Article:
This research emerged from a partnership developed between one pre-school setting and myself as a university tutor, and from my commitment to participatory ways of working. Within the pre-school, Early Years practitioners were eager to develop their offsite ‘Forest School’ provision further, and to engage in research, so participatory action research (PAR), which inclusively encourages participants to contribute to all aspects of the research process (Kemmis et al., 2014), was adopted. A Research Circle (Persson, 2009) was formed to create an arena for planning, development of the research questions, reflection and later analysis. The main aim of the research project was identified and developed within the Research Circle where it was agreed that we would investigate the inclusion of older adults in the lives of young children within the urban Forest School environment. This mutual decision was inspired by recent practice within pre-school, by literature and current research. It also resonated with my prior experiences when working with young children. Six Early Years practitioners became my co-researchers and engaged in each stage of the research, to varying degrees. We worked in partnership to recruit, interview and welcome the older adults while the practitioners managed the Forest School activity as part of their usual practice. They also took responsibility for preparing the twelve children for research and supported them to participate and to make sense of their experiences. This thesis, submitted for examination for Doctor of Education (EdD), therefore examines the experiences of a newly formed company of participants, of varied ages from three to seventy-four, having a shared interest in working together and setting out on a journey to create new knowledge. Societal changes and increasing lifespan reported by Vanderven(2011) and Yasunaga et al. (2016), among others, reveal examples of a growing amount of both familial and non-familial intergenerational practice, together with potential benefits and causes for concern. Our literature review considered how people of different generations interact and how they can learn from each other. Age-friendly environments (Steels, 2015) were then explored together with literature about ‘Forest School’ (Doyle and Milchem, 2012) and Place-Based Education (Mannion et al., 2010; Mannion and Adey, 2011). This literature identified a number of gaps in knowledge, including a focus on how the benefits associated with intergenerational practice occur (Park, 2015). A need for more qualitative data in respect of intergenerational interactions (Yasunaga et al., 2016) was evident. The research questions which emerged from the literature review sought to determine what occurs when older adults and young children are brought together in an urban forest school environment, with a particular focus upon interactions, knowledge exchange and benefits. Data was analysed thematically resulting in four main findings, relating to the different forms of participation which emerged and their value for those involved: affective participation, collaborative participation, learning through intergenerational participation and challenging participation. The research indicates that investment in well-planned intergenerational relationships, where older adults and young children choose to engage with each other, is key to subsequent learning for both age groups. Furthermore, non-formal places afford a relaxed atmosphere and it is there where trust, essential for reciprocity in opportunities for challenge, can grow. This collaborative research project is proving to be impactful. A case example has been included within a book for researchers, concerning research methods for social justice and equity in education (Atkins and Duckworth, 2019). In addition, the pre-school where the research took place is now engaged in another successful intergenerational project and members of the research team have attended Oslo Metropolitan University in order to share with academic and practitioners HOW participatory research can be embedded in partnerships between kindergartens and universities.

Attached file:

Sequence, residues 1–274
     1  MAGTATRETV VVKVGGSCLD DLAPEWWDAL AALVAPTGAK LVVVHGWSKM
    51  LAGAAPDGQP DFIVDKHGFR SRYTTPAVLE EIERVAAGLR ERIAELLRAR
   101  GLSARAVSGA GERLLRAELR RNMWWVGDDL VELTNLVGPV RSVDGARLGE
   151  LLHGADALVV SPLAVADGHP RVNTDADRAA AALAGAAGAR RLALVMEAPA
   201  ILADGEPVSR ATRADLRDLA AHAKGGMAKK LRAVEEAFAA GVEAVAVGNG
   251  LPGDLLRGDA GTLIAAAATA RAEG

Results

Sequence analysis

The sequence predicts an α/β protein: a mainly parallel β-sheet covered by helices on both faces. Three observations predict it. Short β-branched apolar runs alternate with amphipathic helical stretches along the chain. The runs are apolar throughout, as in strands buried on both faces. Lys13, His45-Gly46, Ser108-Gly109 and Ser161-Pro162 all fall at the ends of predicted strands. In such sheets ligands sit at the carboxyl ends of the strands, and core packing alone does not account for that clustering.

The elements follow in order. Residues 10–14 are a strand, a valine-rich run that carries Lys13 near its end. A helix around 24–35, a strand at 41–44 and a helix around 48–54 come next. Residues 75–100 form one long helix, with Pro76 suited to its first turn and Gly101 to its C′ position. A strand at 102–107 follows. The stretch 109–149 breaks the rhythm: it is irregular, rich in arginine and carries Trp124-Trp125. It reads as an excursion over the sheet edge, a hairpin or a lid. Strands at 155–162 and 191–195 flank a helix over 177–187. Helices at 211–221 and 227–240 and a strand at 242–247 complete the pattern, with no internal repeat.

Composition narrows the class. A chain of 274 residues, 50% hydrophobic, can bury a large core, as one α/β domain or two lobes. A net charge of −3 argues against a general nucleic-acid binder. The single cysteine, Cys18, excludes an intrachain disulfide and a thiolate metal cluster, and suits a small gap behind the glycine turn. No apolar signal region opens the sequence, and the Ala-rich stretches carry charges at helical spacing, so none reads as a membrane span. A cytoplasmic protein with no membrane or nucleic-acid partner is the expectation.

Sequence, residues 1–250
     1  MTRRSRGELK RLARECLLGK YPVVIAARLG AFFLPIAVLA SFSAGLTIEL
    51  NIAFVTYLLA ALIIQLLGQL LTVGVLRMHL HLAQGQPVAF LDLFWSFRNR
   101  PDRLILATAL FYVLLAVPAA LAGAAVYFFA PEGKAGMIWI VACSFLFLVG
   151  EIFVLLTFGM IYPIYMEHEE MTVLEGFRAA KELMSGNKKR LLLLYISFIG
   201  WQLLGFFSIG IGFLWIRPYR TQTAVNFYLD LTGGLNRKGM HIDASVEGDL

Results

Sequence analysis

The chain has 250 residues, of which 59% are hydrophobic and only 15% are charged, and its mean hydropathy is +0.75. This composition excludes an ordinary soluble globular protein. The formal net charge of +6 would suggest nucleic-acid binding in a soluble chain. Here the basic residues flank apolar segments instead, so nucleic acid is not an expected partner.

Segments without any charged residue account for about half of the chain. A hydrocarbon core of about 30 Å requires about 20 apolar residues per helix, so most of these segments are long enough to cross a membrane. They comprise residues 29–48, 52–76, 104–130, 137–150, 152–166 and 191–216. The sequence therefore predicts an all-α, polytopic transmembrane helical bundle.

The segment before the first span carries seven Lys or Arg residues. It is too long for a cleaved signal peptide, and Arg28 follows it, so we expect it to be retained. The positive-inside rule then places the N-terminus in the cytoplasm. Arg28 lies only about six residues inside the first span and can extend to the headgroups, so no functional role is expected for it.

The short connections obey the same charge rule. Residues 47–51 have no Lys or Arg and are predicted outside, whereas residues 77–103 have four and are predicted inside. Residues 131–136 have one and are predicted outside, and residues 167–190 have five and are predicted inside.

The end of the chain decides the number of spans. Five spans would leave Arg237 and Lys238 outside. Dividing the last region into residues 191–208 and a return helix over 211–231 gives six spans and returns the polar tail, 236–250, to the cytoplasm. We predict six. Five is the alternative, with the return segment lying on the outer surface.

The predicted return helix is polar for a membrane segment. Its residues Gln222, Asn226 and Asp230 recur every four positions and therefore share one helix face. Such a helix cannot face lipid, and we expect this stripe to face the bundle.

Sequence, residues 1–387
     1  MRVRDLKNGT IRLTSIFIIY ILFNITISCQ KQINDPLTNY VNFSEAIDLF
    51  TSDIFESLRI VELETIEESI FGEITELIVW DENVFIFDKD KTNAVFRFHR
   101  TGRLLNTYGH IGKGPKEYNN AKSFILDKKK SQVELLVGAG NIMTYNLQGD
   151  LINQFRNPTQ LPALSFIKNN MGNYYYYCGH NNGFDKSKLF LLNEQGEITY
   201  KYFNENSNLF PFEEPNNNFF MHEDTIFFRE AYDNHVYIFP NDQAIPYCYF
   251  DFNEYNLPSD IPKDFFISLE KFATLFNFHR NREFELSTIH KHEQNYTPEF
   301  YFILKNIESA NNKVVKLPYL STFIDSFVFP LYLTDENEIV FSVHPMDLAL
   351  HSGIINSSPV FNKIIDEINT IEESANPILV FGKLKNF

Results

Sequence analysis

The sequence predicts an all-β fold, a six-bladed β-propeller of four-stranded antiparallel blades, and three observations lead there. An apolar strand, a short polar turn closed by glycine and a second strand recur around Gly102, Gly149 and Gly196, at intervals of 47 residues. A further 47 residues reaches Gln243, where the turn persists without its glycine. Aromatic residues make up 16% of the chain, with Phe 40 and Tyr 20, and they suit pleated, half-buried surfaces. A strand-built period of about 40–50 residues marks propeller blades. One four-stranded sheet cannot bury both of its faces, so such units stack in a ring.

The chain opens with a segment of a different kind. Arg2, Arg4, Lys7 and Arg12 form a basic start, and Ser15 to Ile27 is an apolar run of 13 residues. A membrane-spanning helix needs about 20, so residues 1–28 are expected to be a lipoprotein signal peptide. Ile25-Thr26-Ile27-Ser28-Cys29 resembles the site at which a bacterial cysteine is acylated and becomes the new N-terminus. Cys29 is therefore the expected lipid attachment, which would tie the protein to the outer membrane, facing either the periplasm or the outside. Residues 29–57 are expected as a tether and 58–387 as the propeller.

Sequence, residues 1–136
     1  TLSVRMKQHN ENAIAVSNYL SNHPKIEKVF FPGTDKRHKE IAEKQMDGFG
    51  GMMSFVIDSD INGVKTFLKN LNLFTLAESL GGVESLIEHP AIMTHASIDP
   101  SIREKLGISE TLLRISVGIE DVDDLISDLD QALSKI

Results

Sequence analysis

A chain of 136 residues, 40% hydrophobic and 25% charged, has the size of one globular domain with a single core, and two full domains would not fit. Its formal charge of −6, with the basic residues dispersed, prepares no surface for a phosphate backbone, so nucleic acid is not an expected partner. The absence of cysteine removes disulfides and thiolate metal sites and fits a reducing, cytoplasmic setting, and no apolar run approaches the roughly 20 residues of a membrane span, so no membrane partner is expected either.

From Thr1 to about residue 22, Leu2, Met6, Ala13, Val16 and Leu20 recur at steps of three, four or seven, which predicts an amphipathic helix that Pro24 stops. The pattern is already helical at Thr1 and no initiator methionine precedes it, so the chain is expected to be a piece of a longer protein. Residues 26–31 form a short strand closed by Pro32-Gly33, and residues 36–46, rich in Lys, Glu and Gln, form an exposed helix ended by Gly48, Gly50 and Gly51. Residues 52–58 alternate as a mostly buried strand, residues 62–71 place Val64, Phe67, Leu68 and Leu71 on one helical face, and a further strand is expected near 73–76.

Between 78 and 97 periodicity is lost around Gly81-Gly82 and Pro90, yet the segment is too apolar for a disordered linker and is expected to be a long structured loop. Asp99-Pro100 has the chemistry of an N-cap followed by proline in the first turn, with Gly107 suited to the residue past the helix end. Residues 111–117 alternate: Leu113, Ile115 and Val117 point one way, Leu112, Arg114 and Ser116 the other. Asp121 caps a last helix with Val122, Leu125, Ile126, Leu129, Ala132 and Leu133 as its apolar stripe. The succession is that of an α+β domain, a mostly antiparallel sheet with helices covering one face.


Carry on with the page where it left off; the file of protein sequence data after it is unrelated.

|Qualification||Doctor of Philosophy|
|Award date||10 Feb 2020|
|Publication status||Published - 17 Feb 2020|